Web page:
Traditional metal cages limit, some-what, the rollers’ contact area because of the way the cage holds in the rollers. However, the more recent development of resin retainers offers more design options. Resin retainers/cages can be shaped to allow a larger contact area with less space between rollers. They can also be thinner in critical parts.
Metal and resin cages hold the rollers in different ways. Metal cages hold the rollers through a notch on the top and on the bottom of the rollers. However, the resin retainer fits around the roller. The resin retainer is able to harvest the whole shape to be held. The whole shape can be in contact with the load because the resin retainer exposes the necessary contact areas. It doesn’t compromise the contact area when holding the rollers.
Rollers in a resin cage can be closer together. This increases the number of allowable rollers within the cage length. So either the cage can be shorter while maintaining the same load capacity, or while maintaining the same cage length the load capacity will increase with the increase in the number of rollers per cage. A resin cage can afford at least a 30 to 58% increase of the contact area as compared to a metal cage.
Metal cages are less expensive and can be all stainless or steel. Therefore they can be used in high temperature or medical applications involving water. Metal is also better suited in a vacuum since resin can have out-gas emissions.
Deeper V-grooves allow greater roller contact.
The longer the travel the longer the rail has to be. However, as opposed to recirculating-ball bushings, which require a shaft only as long as the travel distance, with crossed roller bearings, the whole rail assembly must be twice as long as the stroke. That’s because both rails containing crossed roller bearings move in opposite directions. So the whole assembly has to move within a space that is twice as long as the travel length. (The exceptions are in the minority of cases in which crossed roller linear guide products have recirculating crossed rollers or roller guide products that are not crisscrossed – having four circulations with opposite roller orientations. These products don’t need rails moving in opposite directions.)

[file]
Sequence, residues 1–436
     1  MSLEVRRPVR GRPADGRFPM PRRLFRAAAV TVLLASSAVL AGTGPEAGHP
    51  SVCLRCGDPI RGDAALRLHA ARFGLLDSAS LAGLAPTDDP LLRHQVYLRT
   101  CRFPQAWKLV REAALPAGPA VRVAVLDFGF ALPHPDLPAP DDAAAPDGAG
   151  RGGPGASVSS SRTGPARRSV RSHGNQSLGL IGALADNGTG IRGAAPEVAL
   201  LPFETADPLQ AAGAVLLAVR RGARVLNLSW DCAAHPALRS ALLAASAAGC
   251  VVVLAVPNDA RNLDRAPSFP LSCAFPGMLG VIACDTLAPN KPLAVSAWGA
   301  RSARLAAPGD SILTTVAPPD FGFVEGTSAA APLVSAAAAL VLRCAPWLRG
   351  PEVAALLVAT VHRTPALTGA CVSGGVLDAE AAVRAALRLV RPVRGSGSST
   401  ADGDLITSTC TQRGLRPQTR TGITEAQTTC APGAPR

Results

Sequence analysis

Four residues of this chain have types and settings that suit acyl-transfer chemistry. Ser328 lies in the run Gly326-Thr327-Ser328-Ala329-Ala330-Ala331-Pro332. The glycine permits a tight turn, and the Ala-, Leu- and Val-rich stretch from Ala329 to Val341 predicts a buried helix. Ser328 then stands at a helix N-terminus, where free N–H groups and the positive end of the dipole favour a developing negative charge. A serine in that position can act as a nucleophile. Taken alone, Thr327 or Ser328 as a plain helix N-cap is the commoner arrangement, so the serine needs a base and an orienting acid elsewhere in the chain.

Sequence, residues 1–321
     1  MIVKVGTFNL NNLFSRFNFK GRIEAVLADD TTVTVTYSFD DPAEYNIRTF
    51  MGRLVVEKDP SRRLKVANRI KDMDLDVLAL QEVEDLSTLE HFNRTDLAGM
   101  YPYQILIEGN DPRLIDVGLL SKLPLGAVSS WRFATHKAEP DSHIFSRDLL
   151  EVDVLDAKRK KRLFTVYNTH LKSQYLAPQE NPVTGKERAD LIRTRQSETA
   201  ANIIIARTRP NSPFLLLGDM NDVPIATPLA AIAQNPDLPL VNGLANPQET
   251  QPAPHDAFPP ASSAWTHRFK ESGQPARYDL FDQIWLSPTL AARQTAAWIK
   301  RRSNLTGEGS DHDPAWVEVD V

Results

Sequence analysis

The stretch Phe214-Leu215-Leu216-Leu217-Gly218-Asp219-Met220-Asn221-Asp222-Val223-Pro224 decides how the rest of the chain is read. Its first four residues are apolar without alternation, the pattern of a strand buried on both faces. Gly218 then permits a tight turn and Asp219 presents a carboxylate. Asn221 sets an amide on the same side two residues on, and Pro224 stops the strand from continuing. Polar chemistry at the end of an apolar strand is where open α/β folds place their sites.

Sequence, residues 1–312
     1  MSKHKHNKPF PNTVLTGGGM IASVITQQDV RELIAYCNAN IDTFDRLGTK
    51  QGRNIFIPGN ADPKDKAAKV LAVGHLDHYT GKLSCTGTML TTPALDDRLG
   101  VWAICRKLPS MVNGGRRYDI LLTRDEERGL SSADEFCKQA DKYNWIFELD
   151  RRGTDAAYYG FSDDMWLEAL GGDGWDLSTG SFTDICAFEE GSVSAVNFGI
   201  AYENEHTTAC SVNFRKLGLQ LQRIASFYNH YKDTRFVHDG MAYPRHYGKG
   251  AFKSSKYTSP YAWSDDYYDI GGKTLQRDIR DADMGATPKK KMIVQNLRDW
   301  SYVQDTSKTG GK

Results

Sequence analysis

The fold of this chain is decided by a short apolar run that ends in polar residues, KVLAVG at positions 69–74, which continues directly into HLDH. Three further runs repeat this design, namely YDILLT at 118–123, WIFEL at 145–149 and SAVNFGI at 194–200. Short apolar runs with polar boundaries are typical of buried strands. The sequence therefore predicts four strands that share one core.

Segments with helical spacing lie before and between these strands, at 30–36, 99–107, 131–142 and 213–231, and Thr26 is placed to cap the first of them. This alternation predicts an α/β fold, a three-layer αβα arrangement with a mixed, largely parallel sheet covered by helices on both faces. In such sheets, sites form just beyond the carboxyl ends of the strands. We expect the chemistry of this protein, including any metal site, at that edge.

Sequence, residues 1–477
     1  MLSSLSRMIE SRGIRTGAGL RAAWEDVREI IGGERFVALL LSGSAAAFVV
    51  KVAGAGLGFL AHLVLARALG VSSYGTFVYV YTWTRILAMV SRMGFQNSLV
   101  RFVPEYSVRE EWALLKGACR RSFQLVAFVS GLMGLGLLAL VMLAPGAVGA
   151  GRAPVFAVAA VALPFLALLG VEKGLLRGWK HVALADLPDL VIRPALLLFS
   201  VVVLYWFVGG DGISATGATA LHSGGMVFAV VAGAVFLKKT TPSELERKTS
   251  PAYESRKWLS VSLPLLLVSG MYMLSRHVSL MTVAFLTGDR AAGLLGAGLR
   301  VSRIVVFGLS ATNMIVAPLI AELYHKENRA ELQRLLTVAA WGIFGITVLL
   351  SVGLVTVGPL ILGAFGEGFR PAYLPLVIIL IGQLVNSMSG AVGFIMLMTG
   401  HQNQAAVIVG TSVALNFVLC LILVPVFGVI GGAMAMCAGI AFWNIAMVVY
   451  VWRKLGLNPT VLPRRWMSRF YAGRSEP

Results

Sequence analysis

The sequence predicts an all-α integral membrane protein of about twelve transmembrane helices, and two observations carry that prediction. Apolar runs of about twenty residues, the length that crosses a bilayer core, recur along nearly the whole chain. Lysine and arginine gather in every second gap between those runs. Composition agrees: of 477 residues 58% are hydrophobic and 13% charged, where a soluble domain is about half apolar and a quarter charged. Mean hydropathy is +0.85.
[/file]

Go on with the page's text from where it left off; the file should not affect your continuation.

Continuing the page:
With a resin cage, stroke length on a given length rail can be longer because the cage can be shorter for a given load.
The length of travel is limited by the space available for the rails within an application. Since the rails move in opposition to each other, the space required is twice the distance that the load will be carried. An endstop limits travel length. Because there is little or no difference between static and dynamic frictional resistances – even under low-load conditions – crossed roller bearings are well suited for minute motion.
For motion control applications with extremely fast acceleration and deceleration (at dimensions ranging from 30-600 mm lengths, 2-12 mm rollers) endurance can be 150 million cycles.
In crossed roller bearings without anti-cage creep mechanisms, cage creep may necessitate the replacement of guides and readjustment of the machine or installation. This affect often occurs as a result of high acceleration and uneven preloading or load distribution, as well as orientation (inclined or vertical) can easily cause creep.
A benefit of not recirculating is less frictional resistance fluctuation making them extre-mely quiet and smooth. Crossed roller bearings are almost as quiet as cage-limited non-recirculating linear bearings using balls.
Accuracy and deflection
Crossed rollers provide a large contact area, which reduces elastic deformation. Because of this greater stiffness, crossed rollers provide consistently precise movement.
The crossed roller is less forgiving of mounting surface inaccuracies because of the linear bearing’s rigidity and the way they are designed. They’re much less forgiving of an inaccurate mounting surface than recirculating ball bearings. For recirculating ball bearings precision, 5 – 10 microns of deflection is accommodated.